Volume 19 Issue 50 | April 27 - May 3, 2007

A Downtown Express Special Supplement

Tribeca Film Festival 2007

Photo by Denise Crew

Kevin Wall, founder of the enviro-organization SOS with former veep Al Gore and Cameron Diaz at the announcement that green-themed shorts would be screened opening night at the Tribeca Film Fest.

The greening of the Tribeca Film Festival

By Katherine Dykstra

More proof that the environment couldn’t be any, ahem, hotter, the Tribeca Film Festival chose to break convention and open this year’s festival not with a major feature film as it has done in the past, but with a series of seven green-themed short films hosted by none other than Al Gore, former Vice President and environmental guru.

The slate, which was announced on April 25th, opening night, was chosen from 60 shorts initially commissioned by Save Our Selves, a non-profit whose mission is to spread environmental awareness through entertainment. It shares the same acronym as the international signal for distress.

“We wanted to figure out how to get the message out,” said SOS founder Kevin Wall. “We took a look at a lot of the films in and around the environmental issue and thought, we should create a big volume of them.”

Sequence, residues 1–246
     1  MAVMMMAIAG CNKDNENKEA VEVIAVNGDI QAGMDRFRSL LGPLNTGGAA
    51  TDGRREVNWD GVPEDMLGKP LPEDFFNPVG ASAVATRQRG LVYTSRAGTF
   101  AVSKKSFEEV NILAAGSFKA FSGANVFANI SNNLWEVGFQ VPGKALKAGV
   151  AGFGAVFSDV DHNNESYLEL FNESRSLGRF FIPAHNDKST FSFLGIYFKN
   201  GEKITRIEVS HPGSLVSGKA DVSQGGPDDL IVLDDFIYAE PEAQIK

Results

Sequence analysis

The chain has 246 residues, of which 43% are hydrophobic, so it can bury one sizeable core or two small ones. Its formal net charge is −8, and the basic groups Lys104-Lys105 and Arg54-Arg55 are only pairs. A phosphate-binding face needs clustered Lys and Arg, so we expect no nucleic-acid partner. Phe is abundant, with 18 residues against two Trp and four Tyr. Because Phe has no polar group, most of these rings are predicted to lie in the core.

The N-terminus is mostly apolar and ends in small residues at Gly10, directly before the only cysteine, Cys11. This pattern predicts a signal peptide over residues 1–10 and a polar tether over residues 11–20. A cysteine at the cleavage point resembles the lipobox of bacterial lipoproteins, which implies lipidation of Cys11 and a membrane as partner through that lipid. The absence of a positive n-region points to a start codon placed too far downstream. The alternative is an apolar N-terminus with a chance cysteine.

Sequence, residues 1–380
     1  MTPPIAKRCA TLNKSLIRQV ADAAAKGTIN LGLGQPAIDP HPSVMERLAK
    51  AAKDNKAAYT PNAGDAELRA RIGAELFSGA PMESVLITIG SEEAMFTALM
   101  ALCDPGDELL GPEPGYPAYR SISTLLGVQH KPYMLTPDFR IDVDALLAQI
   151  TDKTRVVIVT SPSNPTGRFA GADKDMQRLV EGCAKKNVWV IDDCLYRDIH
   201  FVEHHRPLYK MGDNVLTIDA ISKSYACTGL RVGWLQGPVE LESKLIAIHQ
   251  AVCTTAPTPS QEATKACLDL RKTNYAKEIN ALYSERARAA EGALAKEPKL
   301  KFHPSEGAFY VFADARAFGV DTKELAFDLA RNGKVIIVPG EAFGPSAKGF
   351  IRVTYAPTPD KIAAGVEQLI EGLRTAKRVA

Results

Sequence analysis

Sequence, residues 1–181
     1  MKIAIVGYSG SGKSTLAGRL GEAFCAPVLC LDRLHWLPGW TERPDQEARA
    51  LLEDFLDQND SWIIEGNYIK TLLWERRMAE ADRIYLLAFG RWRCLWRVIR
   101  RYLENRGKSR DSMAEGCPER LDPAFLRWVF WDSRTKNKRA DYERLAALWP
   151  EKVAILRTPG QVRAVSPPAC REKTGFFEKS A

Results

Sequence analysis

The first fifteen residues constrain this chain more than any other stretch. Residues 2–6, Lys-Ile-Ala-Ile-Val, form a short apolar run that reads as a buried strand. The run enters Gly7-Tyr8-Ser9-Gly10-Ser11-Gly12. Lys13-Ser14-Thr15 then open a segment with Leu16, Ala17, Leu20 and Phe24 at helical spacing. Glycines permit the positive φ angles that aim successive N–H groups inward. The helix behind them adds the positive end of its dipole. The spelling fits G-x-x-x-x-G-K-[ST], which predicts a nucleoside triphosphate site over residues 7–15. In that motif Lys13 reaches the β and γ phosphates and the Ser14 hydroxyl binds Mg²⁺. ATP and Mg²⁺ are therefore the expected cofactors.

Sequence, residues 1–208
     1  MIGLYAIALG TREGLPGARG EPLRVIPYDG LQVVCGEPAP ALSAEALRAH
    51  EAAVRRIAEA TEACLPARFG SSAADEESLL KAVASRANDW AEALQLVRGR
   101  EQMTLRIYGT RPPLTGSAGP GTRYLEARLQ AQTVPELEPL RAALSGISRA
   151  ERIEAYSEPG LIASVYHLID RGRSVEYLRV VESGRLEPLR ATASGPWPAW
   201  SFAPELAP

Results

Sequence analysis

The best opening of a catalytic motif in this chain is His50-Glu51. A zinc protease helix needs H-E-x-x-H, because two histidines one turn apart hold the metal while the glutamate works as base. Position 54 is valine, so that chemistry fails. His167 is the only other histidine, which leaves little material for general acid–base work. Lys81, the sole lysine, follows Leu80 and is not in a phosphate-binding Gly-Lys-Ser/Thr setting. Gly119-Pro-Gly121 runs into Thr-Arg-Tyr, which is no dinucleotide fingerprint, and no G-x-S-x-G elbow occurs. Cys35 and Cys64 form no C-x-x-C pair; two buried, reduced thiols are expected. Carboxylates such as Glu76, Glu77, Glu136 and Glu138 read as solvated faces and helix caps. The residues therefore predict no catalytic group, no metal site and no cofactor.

And so began a worldwide search for filmmakers in every genre.

“We’ve gone after Academy Award-winners to documentary filmmakers to commercial directors and music video directors,” said Wall. “We wanted a balance between U.S. and foreign directors so we could get a tack on this from around the world.”

The response was astounding. In fact, according to Wall, SOS did not receive a single no. Each filmmaker was asked to create a provocative 4- to 10-minute short that addresses global warming and the environment. The results include films from major independent directors like Jonathan Glazer, who made “Birth” (2002); Kevin MacDonald, who directed last year’s Oscar-winning “Last King of Scotland;” documentary filmmakers such as Heidi Ewing and Rachel Grady, who made “Jesus Camp;” and animation companies such as Aardman Animation, which produced “Wallace and Gromit.” All seven films will also be shown this summer at Live Earth, a global concert series that will air for 24 hours on July 7 in seven continents with 150 musical acts including Kanye West, Melissa Etheridge and the Smashing Pumpkins.

So how did the Tribeca Film Festival get involved? Apparently the SOS project simply came up in conversation between Wall and Jane Rosenthal, one of the festival’s founders, along with Robert De Niro and Craig Hatkoff. And that was that.

“When we met with Jane she said this is something we have not done before,” said Wall. “We were blown away that they would want to participate.”

Though it’s not so surprising. The Tribeca Film Festival has always had an activist bent, first in its attempt to bring business Downtown post-September 11, and now in its desire to spread awareness of the climate crisis.

“I think that we’re seeing this issue move from page seven to page one and now it’s all over the evening news every night,” said Wall. “It’s a red alert.”

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